DUBLIN — Birth rates have fallen by almost 10 per cent in some wealthy countries since the start of the coronavirus pandemic, according to research published by the Proceedings of the National Academy of Sciences in the US.
Using monthly live birth numbers from 2016 to March this year, the researchers reported “preliminary evidence” showing the pandemic has “decreased fertility” in all but 4 of 22 “high income countries” studied.
The authors, from the University of Oxford, Cornell University and Universita Commerciale Luigi Bocconi in Milan, factored in seasonality and long term trends, but nonetheless estimated a 9.4 per cent fall in Italy and more than 8 per cent in Hungary and Spain.
“Belgium, Austria, and Singapore also showed a significant decline in crude birth rates,” they said, acknowledging as “received wisdom” the view that pandemics mean fewer babies, with the US being hit by a 13 per cent drop after the Spanish Flu a century ago.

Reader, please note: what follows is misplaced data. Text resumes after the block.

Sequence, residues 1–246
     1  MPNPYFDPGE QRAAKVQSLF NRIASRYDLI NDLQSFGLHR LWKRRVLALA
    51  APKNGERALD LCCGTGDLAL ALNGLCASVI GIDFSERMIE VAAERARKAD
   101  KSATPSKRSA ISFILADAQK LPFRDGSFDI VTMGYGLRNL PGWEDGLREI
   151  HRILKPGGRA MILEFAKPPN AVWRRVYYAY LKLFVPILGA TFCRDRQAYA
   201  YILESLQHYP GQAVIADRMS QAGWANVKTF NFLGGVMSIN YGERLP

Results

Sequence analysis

There were expectations in some quarters that this pandemic could lead to a baby boom – even in the 22 countries studied, most of which have for decades been reporting low birth rates and ageing populations.
A bump in birth rates was expected as a reaction to the to work-from-home directives issued by governments and the closing for long stretches of cinemas, pubs and restaurants.
However a 2020 survey by Italian academics of 18-24 year olds in Britain, France, Germany, Italy and Spain found “fertility plans” being “negatively revised in all countries.”
Official US data published in May this year showed births down around 6 per cent in December 2020 compared to one year before and 9 months on from the World Health Organization declaring a pandemic.